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Refusing To Answer Questions At The Border

Written by Subject: Homeland Security
Paul Karl Lukacs is an attorney who travels the world practicing law. In and of itself, this wouldn't be all that newsworthy for the pages of Freedom's Phoenix but Mr. Lukacs is definitely an exception. What makes him an exception is his documented encounters with Customs & Border Protection agents while re-entering the United States from abroad.

During these encounters, Mr. Lukacs practices his right to remain silent. His signature statement in defense of this practice appears to be:

“I’m not going to be interrogated as a pre-condition of re-entering my own country”

While I haven't had cause to cross the border myself for several years, Mr. Lukacs is a man after my own heart. Given my frequent encounters with suspicionless CBP checkpoints inside the country, the only modification I would make for myself regarding his quote would be:

“I’m not going to be interrogated as a pre-condition to traveling within my own country”

What's of special interest to me regarding Mr. Lukacs encounters is the fact that he quite ably demonstrates an individual's right to remain silent is still mostly intact at the border despite the large amount of discretion courts have given CBP inspectors operating at the border or its functional equivalent. While U.S. citizens may be required to adequately prove their citizenship as an entry condition, they are under no legal obligation to answer questions not directly related to their citizenship status.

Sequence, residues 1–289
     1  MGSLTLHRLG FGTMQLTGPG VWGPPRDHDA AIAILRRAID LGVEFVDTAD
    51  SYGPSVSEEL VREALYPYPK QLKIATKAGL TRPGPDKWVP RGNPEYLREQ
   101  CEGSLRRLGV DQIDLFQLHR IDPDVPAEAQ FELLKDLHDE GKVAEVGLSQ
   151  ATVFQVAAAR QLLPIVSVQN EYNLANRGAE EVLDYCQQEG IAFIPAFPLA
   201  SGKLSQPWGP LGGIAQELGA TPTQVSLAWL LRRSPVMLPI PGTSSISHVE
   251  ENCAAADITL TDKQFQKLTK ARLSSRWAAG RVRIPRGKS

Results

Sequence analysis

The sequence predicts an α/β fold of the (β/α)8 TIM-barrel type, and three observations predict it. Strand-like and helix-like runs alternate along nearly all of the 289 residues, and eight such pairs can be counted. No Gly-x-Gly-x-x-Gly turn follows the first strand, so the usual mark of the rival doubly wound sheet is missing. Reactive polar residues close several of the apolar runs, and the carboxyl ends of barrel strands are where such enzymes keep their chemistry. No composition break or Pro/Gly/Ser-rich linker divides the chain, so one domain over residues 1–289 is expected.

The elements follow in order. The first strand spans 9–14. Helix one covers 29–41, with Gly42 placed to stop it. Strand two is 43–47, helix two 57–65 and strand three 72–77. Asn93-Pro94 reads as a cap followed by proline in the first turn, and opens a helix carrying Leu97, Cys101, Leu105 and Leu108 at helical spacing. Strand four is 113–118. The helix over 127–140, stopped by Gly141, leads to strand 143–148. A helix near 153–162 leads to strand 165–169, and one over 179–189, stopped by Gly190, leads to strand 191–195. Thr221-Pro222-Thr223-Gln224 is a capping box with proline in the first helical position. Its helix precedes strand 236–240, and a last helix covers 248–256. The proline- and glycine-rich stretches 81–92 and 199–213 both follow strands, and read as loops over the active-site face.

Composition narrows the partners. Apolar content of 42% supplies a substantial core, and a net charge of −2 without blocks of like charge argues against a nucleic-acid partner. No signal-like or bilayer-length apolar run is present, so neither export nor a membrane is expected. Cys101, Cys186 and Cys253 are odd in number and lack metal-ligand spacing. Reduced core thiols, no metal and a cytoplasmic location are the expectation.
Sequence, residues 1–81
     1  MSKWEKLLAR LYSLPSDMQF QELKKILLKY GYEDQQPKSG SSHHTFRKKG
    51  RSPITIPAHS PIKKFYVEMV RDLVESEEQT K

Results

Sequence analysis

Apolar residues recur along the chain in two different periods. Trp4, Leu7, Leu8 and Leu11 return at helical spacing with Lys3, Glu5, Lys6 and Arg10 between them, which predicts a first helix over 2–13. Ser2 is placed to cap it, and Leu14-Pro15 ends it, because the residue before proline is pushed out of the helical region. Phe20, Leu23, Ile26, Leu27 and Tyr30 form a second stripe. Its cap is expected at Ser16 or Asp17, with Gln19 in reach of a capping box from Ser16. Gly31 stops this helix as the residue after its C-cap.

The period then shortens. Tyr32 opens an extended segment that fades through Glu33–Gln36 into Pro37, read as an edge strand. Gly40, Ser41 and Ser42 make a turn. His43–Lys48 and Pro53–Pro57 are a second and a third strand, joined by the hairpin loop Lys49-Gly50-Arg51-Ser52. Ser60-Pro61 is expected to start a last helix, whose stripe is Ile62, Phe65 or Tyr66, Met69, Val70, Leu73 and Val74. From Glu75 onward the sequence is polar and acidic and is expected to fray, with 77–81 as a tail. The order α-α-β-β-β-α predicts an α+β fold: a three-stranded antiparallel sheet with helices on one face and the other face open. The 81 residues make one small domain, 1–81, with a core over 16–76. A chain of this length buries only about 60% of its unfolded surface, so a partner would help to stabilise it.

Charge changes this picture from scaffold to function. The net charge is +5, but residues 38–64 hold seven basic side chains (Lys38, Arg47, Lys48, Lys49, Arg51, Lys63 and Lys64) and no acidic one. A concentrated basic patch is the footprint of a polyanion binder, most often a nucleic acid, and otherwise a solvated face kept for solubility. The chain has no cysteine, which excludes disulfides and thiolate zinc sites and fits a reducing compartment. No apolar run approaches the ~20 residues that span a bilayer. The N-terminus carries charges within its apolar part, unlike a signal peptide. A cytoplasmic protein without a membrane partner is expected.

In other words, U.S. citizens have no obligation to explain the purpose of their trip, who they spent time with, where they stayed, how long they stayed, etc. Further, failing to answer such questions can't be used as a basis to deny U.S. citizens entry to the country or as a factor to conduct anything other than a routine border search in the absence of consent or probable cause.

The pertinence of this issue to Roadblock Revelations should be obvious. If CBP agents can't legally compel individuals to answer questions (outside a narrow range) at the actual border, they certainly can't legally compel individuals to answer questions at suspicionless checkpoints removed from the border or its functional equivalent where individuals have no obligation to prove their citizenship (or prove anything for that matter). A fact many Border Patrol agents either choose to ignore or were never taught.

For those interested in how Mr. Lukacs conducts himself at the border along with a good discussion of the legal issues involved and feedback he's received over the past year regarding his stance, I've compiled a list of links in reverse-chronological order below:

* The right to remain silent at airports and borders

* More Law: Refusing To Answer Questions At U.S. Passport Control

* Hyperbolic Dramatization of the Day

* Several Hundred More Comments

* 10 Brief Responses To 700 Comments About Refusing To Answer Questions At Passport Control

* More On Not Answering Questions At The Border -- With Several Updates

* I Am Detained By The Feds For Not Answering Questions

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